Now before we dive into the specific traits shown by innovative cultures, it’s important to understand a few fundamental findings first:
“Existing cultural conditions determine whether, when, how and in what form new innovation will be adopted,” as our next study shows[*].
Let’s explore this idea next.
Cultural Impacts on Innovation
Which characteristics do cultures with high innovation rank well on?
Researchers discovered that there’s a greater acceptance of innovation when the foundation is already ingrained in the culture.
For cultures built on long-standing traditions, innovation may seem as if it’s going against the societal norms that have been passed down for generations. Therefore, it may not be as well-received or encouraged.
Yet, researchers discovered and innovative research revealed that when societies are willing to take traditions and adjust them to fit modern times, innovation is much more likely to happen.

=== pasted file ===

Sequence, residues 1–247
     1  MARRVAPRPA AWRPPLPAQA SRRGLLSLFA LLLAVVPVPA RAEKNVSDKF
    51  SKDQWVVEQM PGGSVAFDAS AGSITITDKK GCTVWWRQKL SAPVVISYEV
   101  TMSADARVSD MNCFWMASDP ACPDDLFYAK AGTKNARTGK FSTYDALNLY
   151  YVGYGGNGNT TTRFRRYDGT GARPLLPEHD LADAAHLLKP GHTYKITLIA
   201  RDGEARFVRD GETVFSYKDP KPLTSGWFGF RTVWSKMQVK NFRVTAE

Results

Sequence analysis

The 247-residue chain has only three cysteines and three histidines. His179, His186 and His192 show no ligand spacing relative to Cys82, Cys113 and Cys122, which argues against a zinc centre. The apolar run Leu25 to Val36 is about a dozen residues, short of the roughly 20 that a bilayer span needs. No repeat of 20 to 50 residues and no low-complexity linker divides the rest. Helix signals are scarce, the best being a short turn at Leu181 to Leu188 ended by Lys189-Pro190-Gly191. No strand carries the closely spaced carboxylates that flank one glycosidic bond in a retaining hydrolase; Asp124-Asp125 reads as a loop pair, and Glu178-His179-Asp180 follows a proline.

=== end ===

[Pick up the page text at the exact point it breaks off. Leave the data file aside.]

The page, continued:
Speaking of that, there’s one more factor that may contribute to fostering an innovative culture: whether people believe they can make an impact.
Cultural or organizational “class systems” can become like shackles — people are unable to move and think freely.
And when applied to the work environment, it’s virtually impossible to motivate your team or community to work at their potential (or, as often required to innovate, to exceed their potential) when they don’t see their hard work paying off in some regard.
“Most people work in the hope of reward,” and if they don’t see any in sight, they’ll be less inclined to work hard. People need to feel like they can make a difference and that their ideas are not only heard, but also used whenever possible. And they need to do this in an environment that fosters community and relationships.
For an innovative culture to flourish and thrive, the scientists learned, this form of social capital is needed.